Here at the End of All Things (Adrian Daub, Longreads, August 2017)
“I spent my adolescence around maps of places that didn’t exist.” In this lovely and personal exploration of fantasy maps, Adrian Daub dives into the world-building, design, and geography of imagined lands. It’s a nostalgic journey across fantasy literature and worlds, exploring Middle Earth, Earthsea, and Westeros; Dungeons & Dragons; the epic map from the opening sequence of Game of Thrones; and eurocentrism, among many other things.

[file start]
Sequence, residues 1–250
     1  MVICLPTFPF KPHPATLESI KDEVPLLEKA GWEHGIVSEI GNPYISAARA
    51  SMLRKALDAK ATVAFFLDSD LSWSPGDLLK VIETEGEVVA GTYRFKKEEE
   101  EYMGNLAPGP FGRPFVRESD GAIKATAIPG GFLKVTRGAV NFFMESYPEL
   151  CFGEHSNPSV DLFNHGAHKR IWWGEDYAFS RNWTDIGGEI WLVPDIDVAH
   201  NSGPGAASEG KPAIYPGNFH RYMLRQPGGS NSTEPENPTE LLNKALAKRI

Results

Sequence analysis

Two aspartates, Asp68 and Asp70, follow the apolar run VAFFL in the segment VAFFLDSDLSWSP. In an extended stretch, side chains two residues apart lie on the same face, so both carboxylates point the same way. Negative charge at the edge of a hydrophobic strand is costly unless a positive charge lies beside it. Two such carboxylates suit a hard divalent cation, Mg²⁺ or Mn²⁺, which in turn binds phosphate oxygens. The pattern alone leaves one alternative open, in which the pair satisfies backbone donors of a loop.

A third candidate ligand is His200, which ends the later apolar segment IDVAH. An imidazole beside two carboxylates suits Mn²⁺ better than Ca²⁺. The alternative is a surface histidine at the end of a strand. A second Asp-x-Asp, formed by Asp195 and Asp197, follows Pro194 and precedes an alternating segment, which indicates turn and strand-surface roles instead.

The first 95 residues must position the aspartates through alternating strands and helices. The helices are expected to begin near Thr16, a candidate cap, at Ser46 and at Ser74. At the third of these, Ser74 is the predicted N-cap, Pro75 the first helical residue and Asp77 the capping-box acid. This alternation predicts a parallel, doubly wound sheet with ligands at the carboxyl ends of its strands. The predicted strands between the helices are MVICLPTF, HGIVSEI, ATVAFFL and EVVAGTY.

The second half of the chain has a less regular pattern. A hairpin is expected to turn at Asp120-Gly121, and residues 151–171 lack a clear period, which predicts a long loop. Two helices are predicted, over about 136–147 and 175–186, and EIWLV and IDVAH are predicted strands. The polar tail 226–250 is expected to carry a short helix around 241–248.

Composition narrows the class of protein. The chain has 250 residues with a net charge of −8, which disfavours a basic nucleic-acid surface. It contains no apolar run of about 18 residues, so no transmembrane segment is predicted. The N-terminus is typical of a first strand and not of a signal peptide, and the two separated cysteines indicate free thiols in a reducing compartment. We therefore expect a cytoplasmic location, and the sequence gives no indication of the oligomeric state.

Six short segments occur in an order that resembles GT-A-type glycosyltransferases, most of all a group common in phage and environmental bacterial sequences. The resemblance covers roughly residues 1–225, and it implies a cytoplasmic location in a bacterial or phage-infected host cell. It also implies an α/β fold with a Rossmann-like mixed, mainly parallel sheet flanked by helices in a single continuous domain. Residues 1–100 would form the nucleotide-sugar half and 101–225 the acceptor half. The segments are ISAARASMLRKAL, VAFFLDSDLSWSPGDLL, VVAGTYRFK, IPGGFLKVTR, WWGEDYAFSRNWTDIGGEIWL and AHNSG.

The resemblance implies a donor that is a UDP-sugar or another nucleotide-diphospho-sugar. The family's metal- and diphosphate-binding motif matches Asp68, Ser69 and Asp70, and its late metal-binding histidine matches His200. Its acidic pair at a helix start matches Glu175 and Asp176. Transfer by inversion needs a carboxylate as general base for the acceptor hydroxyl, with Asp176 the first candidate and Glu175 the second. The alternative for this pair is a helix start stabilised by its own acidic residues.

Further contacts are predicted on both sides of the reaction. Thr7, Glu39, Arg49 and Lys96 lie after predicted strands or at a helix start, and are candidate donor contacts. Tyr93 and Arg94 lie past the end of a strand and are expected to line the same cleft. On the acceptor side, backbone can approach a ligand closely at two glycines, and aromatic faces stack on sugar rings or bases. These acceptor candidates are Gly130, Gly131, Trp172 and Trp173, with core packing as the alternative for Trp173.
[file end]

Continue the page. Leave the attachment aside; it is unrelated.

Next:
The fantasy genre, cribbing as it does from our imaginary version of medieval Europe, seems wedded to an Atlantic Ocean setting firm limits to human curiosity to the west. There are clear remnants here of a colonialist mental geography. Think of all the maps of fantastic continents you know where the eastern lands are bigger, more savage, more mysterious. On every foldout map of Middle Earth there is a place called Rhûn (which is the word for “east” in Tolkien’s Elvish) on the eastern margin: the circumflex alone already signals that we’re far removed from the familiarity of the Shire. We learn nothing of it, other than that the people who live there are “Easterlings” in league with Sauron. As we get to the right-hand edge of fantasy maps, things get rather hazy, and not a little racist.